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Habeck v. United States

United States District Court, E.D. Virginia, Norfolk Division

February 8, 2018

HAROLD A. HABECK, II, #80545-083, Petitioner,
v.
UNITED STATES OF AMERICA, Respondent.

          UNITED STATES MAGISTRATE JUDGE'S REPORT AND RECOMMENDATION

          ROBERT J. KRASK UNITED STATES MAGISTRATE JUDGE

         This matter was brought by petition for a writ of habeas corpus under 28 U.S.C. § 2241. ECF No. 1. It was referred to the undersigned United States Magistrate Judge pursuant to the provisions of 28 U.S.C. § 636(b)(1)(B) and (C) and Rule 72 of the Rules of the United States District Court for the Eastern District of Virginia.

         The undersigned recommends that the petition for a writ of habeas corpus pursuant to 28 U.S.C. § 2241 be DISMISSED WITHOUT PREJUDICE for lack of jurisdiction.

         I. STATEMENT OF THE CASE

         A. Background

         Petitioner, Harold A. Habeck II ("Habeck"), is a federal prisoner convicted and sentenced in the Richmond Division of the United States District Court for the Eastern District of Virginia. No. 3:12cr75, ECF No. 48. On May 1, 2012, a federal grand jury indicted Habeck on charges of possession with intent to distribute 100 or more marijuana plants (count one), in violation of Title 21, United States Code, Section 841(a)(1) and (b)(1)(B), and possession of multiple firearms in furtherance of a drug-trafficking crime (count two), in violation of Title 18, United States Code, Section 924(c). No. 3:12cr75, ECF No. 1. On July 24, 2012, Habeck entered a guilty plea to the narcotics charge in count one and, in a written statement of facts filed in support of the guilty plea, admitted that he knowingly and unlawfully possessed, among other things, 397 marijuana plants and marijuana packaged for distribution. No. 3:12cr75, ECF Nos. 15, 18.

         Habeck exercised his right to go to trial on the firearms charge. No. 3:12cr75, ECF Nos. 30-34. Before trial, Habeck waived indictment and consented to the filing of a criminal information that substituted a slightly revised firearms charge alleging that Habeck possessed one or more of three firearms in furtherance of a drug-trafficking crime, in violation of Title 18, United States Code, Section 924(c). No. 3:12cr75, ECF No. 31, ECF No. 65 at 27 (discussing that the criminal information was filed to correct an error in count two of the indictment, which was later dismissed). At the conclusion of the trial held before U.S. District Judge John A. Gibney, Jr., a jury found Habeck guilty of the firearms charge on August 2, 2012. No. 3:12cr75, ECF No. 34.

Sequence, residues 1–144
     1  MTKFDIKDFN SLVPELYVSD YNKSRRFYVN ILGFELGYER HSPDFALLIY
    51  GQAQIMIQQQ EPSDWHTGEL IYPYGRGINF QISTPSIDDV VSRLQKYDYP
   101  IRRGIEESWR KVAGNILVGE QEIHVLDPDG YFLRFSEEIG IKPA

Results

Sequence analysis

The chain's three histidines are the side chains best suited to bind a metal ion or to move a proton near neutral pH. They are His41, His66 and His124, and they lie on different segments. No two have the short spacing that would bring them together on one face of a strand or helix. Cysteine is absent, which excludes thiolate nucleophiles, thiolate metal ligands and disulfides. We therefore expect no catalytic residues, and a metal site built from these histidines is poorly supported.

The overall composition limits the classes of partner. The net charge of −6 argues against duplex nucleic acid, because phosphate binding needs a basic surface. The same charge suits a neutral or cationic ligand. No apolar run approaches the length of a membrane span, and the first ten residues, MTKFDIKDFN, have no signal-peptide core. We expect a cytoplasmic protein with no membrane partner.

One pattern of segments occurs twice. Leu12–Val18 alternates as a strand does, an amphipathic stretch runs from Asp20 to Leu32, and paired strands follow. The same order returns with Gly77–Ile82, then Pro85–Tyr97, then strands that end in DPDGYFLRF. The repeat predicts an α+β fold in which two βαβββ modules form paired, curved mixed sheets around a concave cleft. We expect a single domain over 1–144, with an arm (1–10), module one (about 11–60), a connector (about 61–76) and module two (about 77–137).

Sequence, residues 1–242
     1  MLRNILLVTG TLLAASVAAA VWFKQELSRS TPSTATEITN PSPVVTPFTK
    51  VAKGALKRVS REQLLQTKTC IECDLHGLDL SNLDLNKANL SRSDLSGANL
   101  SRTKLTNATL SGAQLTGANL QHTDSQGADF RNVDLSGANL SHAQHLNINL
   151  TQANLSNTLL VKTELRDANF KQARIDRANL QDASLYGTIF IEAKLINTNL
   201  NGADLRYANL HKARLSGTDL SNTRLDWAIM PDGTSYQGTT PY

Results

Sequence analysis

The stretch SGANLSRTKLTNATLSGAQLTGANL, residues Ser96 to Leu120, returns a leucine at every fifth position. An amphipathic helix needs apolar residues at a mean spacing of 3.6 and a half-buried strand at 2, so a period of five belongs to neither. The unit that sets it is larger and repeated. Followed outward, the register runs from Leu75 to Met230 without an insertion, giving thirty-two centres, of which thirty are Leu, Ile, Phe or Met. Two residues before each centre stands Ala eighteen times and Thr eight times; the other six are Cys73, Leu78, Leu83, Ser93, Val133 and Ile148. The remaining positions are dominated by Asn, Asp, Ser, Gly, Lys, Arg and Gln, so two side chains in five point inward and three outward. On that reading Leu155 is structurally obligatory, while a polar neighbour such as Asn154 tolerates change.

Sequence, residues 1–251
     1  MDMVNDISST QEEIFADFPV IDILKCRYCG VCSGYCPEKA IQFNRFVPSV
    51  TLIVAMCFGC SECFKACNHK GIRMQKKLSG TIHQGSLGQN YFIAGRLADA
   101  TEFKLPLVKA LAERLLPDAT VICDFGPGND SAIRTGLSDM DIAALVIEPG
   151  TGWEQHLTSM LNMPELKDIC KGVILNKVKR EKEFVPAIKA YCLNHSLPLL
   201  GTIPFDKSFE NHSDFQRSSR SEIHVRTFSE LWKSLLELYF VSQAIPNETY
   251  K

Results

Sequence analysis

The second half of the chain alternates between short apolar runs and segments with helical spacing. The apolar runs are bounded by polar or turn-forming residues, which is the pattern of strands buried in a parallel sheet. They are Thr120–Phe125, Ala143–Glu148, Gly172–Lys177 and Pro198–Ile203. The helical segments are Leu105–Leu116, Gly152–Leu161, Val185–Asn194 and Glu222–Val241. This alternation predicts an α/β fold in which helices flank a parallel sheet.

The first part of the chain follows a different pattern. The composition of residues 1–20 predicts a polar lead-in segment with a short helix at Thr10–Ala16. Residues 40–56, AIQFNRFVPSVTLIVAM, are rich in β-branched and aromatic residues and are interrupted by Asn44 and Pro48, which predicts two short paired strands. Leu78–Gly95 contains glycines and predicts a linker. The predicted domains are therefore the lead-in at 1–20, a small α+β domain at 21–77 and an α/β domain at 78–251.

The Court sentenced Habeck on October 24, 2012 and entered judgment on his convictions the next day. No. 3;l2cr75, ECF No. 48. In recognition of the fact that both statutes of conviction called for mandatory minimum terms of imprisonment, [1] the Court sentenced Habeck to serve 60 months on count one of the indictment and to a consecutive 60-month term on count one of the criminal information, for a total sentence of imprisonment of 120 months. Id. at 1-2.

         On November 7, 2012, Habeck noted an appeal. No. 3:12cr75, ECF No. 50. On June 24, 2013, the United States Court of Appeals for the Fourth Circuit rejected Habeck's challenges to the sufficiency of the evidence and to the trial court's jury instructions for the firearms charge. United States v. Habeck, 530 Fed.Appx. 241 (4th Cir. 2013). After the appellate court's mandate issued on July 16, 2013, No. 3;l2cr75, ECF No. 64, and prior to the filing of the now pending section 2241 petition, Habeck presented no other filings seeking to further appeal or collaterally attack his conviction or sentence.

         On May 11, 2017, petitioner filed a petition pursuant to 28 U.S.C. § 2241 in this Court.[2]ECF No. 1. By response dated November 28, 2017, the United States requested dismissal of the petition. ECF No. 9. Habeck filed a reply on December 14, 2017. ECF No. 10. The matter is now ripe for decision.

         B. Ground Alleged

         Habeck alleges that the trial court's belief that it lacked authority to sentence him to less than 60 months for his narcotics conviction gave rise to a miscarriage of justice and, pursuant to the Supreme Court's recent decision in Dean v. United States, 137 S.Ct. 1170 (2017), he is entitled to be resentenced. ECF No. 1 at 6. Specifically, Habeck seeks issuance of a court order sentencing him to 30 months on the narcotics conviction, followed by a consecutive, 60-month sentence for the firearms conviction. Id. Habeck seeks to pursue this section 2241 claim pursuant to the "savings clause" of Title 28, United States Code, Section 2255(e). Id. at 1.

         II. FINDINGS OF FACT AND CONCLUSIONS OF LAW

         Habeck's petition challenges the lawfulness of the sentence imposed, rather than its execution. The proper mechanism for raising such a challenge is a motion pursuant to 28 U.S.C. § 2255. See 28 U.S.C. § 2255(a); In re Vial,115 F.3d 1192, 1194 (4th Cir. 1997) ("Those convicted in federal court are required to bring collateral attacks challenging the validity of their judgment and sentence by filing a motion to vacate sentence pursuant to [section] 2255."); Triestman v. United States,124 F.3d 361, 373 (2d Cir. 1997); Bradsh ...


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